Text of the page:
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Re: Let every element have a src attribute

From: Dao Gottwald <dao@design-noir.de>
Date: Mon, 02 Apr 2007 10:07:57 +0200
Message-ID: <4610B9DD.9010202@design-noir.de>
To: Elliott Sprehn <esprehn@gmail.com>
CC: Anne van Kesteren <annevk@opera.com>, public-html@w3.org

Elliott Sprehn wrote:
> This would seem to complicate semantics to me. What's the difference 
> between <p src=""> and <div src=""> in terms of the meaning of the 
> replaced content?

The first replaces a paragraph by an external source, the latter 
replaces, well ... anything (since div doesn't carry significant semantics.)

> If you think about how it is now <p><img></p> is an image inside the 
> paragraph, but if we allow <p src=""> then is that an image inside the 
> paragraph or is the image itself a paragraph or is it just an image 
> unless it doesn't load and then its a paragraph?

The image itself is the paragraph.

Note that the same is possible with CSS3, e.g.
   p { content: url(foo.png); }
But that works with images only; a in-markup solution with the "type" 
attribute can be more powerful.

> Also, what benefit beyond slightly reducing the markup by removing the 
> <object> tag does this provide?

It's more intuitive and links the external source with the semantics it 
carries directly.

>  From what I see the only case for extending the existing behavior in a 
> similar manner would be supplementing the alt attribute on the <img> 
> element with the element contents since <img> has much clearer 
> semantics, similar to the behavior of <video> or <audio>.

<img> has much clearer semantics than what? It tells me as much as a 
single text node does. That is, the surrounding markup carries the 
semantics, but <img> itself doesn't.

--Dao

> - Elliott
> 
> On Mar 29, 2007, at 11:32 AM, Dao Gottwald wrote:
> 
>>
>> In order to avoid having to mess with a bunch of related attributes as 
>> with "href", I'd allow "src" (or "data"?) and "type" only. I'd see it 
>> as a <object> shorthand, thus it should behave the same when it comes 
>> to events.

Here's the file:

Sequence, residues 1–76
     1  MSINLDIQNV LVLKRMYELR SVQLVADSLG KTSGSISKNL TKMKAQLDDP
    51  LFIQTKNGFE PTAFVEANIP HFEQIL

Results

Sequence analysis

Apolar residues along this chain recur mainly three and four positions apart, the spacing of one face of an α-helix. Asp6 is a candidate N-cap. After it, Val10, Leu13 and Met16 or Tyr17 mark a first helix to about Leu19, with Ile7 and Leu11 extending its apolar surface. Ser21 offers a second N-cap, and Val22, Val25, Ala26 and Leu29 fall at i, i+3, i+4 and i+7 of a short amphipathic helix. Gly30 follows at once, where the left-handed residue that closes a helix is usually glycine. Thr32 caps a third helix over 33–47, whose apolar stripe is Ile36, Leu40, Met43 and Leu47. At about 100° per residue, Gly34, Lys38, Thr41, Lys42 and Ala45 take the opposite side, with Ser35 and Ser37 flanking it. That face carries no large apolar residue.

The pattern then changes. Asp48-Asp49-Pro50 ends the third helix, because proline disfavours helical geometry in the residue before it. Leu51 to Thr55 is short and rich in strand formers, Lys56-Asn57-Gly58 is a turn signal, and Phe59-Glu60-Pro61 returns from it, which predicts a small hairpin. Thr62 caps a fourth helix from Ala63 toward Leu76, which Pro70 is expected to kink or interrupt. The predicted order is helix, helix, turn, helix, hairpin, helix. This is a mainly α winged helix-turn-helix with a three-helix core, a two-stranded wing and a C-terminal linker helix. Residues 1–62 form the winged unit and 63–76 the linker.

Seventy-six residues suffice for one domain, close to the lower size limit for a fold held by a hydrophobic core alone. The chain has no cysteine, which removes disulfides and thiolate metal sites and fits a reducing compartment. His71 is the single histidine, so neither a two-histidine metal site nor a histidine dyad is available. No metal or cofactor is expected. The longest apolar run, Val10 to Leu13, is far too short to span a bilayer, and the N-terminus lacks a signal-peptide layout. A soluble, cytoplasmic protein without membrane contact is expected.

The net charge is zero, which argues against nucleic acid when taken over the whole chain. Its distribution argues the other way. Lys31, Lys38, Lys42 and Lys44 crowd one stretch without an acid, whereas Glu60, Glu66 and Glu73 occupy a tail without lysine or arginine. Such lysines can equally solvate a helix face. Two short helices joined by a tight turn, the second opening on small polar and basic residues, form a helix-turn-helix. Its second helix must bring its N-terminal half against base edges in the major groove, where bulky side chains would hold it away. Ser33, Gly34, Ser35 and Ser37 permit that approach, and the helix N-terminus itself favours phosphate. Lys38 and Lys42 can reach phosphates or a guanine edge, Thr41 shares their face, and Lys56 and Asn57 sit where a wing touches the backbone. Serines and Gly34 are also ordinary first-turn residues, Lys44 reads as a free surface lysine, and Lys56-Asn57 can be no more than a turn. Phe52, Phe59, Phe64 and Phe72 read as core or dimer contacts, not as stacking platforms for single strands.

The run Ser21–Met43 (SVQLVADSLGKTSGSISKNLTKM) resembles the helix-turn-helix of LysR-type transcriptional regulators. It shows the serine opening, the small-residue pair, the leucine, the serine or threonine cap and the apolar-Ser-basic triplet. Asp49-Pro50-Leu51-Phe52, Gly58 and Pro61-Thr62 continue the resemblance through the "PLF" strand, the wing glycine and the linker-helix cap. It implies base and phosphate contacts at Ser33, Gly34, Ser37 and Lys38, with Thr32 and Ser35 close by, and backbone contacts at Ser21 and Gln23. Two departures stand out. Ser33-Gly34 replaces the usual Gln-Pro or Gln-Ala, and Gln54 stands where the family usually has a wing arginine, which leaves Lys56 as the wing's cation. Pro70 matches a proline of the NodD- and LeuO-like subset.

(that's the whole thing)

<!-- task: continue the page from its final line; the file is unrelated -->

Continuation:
>>
>> Note that by "every element", I mean those who can have visible child 
>> nodes. This way you automatically exclude elements that have a src 
>> attribute today.
>>
>> That's all a bit tricky though, as it implies inconsistencies. E.g. 
>> <img src="foo.png" alt="foo"> would differ from <span 
>> src="foo.png">foo</span> in some non-obvious ways.
>>
>> --Dao
>>
>> Anne van Kesteren wrote:
>>> On Wed, 28 Mar 2007 18:29:21 +0200, Dao Gottwald <dao@design-noir.de 
>>> <mailto:dao@design-noir.de>> wrote:
>>>> .... which seems very plausible to me. Contrary to letting every 
>>>> element have a href attribute, it's backwards-compatible by design.
>>> Not really. <script src> has very different semantics from <img src>, 
>>> <iframe src> and <embed src> for instance which have different 
>>> semantics from <video src>, <event-source src> and <source src> 
>>> (which also all differ from each other). The semantics of an element 
>>> are in general decided by the element and after that by their 
>>> attributes. This means that how the attribute functions depends on 
>>> the element and not the other way around.
>>> Exactly the same arguments as for href="" apply I would say. For 
>>> src="" you have can think about how loading would happen for the 
>>> element. When are the various events dispatched? Does the element 
>>> delay the load event of the document? Does it start loading the 
>>> monment it is inserted? Does mutating the src="" attribute affect any 
>>> API (see <event-source>)? Et cetera.
>>
>>
> 
Received on Monday, 2 April 2007 08:08:07 GMT

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